Charles Tiebout (1924-1968)

Charles Mills Tiebout (1924–1968) was an economist and geographer most known for his development of the Tiebout model, which suggested that there were actually non-political solutions to the free rider problem in local governance. He earned undisputable recognition in the area of local government and fiscal federalism with his widely cited paper “A pure theory of local expenditures”.[1] He graduated from Wesleyan University in 1950, and received a PhD in economics in University of Michigan in 1957. He was Professor of Economics and Geography at the University of Washington. He died suddenly on January 16, 1968, at age 43.

Tiebout is frequently associated with the concept of foot voting, that is, physically moving to another jurisdiction where policies are closer to one’s ideologies, instead of voting to change a government or its policies.

Charles Tiebout (pronounced tee-bow) received his education at a time when the supremacy of centralized government was at a peak both politically and intellectually.

Charles Tiebout earned his Ph.D. in economics from the University of Michigan. His 1957 dissertation about regional multipliers, however, had nothing to do with local public finance where he would make his largest contributions.

As an instructor at Northwestern University, he published his seminal article, “A Pure Theory of Local Public Expenditures,” (Journal of Political Economy, 64: 416-24) in 1956. From there he went on to teach economics at UCLA and then geography at the University of Washington.

Charles Tiebout stayed in Seattle until his early death at the age of 43, on January 16, 1968. He published and consulted in regional economic development, but his primary contribution and best-known work developed what is now known as the Tiebout Hypothesis.

Major Works of Charles Tiebout

– An Empirical Regional Input-Output Projection Model: The State of Washington 1980, The Review of Economics and Statistics, Vol. 51, No. 3. (Aug., 1969), pp. 334-340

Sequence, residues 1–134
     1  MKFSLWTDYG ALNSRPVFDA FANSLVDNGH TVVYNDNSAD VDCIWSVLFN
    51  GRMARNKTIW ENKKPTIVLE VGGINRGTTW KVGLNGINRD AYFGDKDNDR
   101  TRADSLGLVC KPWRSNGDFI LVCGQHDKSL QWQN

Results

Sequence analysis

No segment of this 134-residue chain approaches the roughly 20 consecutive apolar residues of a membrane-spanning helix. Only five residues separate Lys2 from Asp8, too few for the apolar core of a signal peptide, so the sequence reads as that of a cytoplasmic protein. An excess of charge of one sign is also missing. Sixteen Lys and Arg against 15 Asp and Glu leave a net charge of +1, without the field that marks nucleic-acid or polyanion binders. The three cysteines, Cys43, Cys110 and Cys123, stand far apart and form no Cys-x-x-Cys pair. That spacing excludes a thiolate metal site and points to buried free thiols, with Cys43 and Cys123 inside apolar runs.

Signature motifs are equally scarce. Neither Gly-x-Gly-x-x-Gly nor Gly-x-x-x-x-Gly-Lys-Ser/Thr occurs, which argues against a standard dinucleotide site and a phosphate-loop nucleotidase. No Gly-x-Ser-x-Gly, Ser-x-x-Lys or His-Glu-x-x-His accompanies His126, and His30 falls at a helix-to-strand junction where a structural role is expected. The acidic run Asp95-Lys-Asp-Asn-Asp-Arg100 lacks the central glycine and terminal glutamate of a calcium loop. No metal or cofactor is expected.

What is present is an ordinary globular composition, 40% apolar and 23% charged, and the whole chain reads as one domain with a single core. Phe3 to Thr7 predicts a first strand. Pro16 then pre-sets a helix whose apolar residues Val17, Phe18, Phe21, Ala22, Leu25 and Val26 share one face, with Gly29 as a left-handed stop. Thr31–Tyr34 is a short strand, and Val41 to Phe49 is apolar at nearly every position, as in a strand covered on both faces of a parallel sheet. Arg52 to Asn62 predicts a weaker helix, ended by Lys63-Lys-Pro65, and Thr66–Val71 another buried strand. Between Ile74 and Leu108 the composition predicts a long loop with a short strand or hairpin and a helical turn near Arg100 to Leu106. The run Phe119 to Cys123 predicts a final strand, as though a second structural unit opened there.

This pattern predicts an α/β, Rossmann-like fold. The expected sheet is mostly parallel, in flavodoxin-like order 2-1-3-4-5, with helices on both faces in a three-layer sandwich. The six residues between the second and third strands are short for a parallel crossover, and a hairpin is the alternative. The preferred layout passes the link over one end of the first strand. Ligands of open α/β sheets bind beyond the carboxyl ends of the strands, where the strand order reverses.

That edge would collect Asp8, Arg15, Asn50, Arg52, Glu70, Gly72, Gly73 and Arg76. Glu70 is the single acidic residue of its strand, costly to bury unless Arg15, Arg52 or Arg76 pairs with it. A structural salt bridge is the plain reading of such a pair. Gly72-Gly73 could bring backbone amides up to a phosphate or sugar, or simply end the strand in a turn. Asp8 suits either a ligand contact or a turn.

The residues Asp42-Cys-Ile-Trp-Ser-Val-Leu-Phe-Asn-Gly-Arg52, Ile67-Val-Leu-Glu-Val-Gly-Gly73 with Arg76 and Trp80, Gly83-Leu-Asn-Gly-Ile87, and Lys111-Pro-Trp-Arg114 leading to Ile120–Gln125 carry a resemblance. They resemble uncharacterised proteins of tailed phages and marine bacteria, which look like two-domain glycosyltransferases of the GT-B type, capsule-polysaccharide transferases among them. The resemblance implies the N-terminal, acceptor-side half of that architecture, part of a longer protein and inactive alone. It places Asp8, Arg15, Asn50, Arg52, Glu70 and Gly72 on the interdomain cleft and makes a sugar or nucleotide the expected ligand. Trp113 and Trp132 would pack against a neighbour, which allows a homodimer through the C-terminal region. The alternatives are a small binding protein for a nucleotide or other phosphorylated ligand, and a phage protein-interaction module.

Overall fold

– An Intersectoral Flows Analysis of the California Economy (with W. Lee Hansen) The Review of Economics and Statistics, Vol. 45, No. 4. (Nov., 1963), pp. 409-418
– The Community Economic Base Study. Committee for Economic Development, Supplementary Paper No.16, New York: 1963
– Metropolitan Finance Reconsidered: Budget Functions and Multi-Level Governments (with David B. Houston) The Review of Economics and Statistics, Vol. 44, No. 4. (Nov., 1962), pp. 412-417
– Intra-Urban Location Problems: An Evaluation (in Economic Analysis of Urban Problems) The American Economic Review, Vol. 51, No. 2, Papers and Proceedings of the Seventy-Third Annual Meeting of the American Economic Association. (May, 1961), pp. 271-278
– Interregional Input-Output Models: An Appraisal,” Southern Economic Journal, vol.24, Oct., 1957, pp.140-47
– Location Theory, Empirical Evidence and Economic Evolution, Papers & Proceedings of the Regional Science Association, Vol.3, 1957, pp.74-86
– A Pure Theory of Local Expenditures, The Journal of Political Economy, Vol. 64, No. 5. (Oct., 1956), pp. 416-424
– Exports and Regional Economic Growth The Journal of Political Economy, Vol. 64, No. 2. (Apr., 1956), pp. 160-164
– The Urban Economic Base Reconsidered, Land Economics, Feb. 1956, pp.95-99

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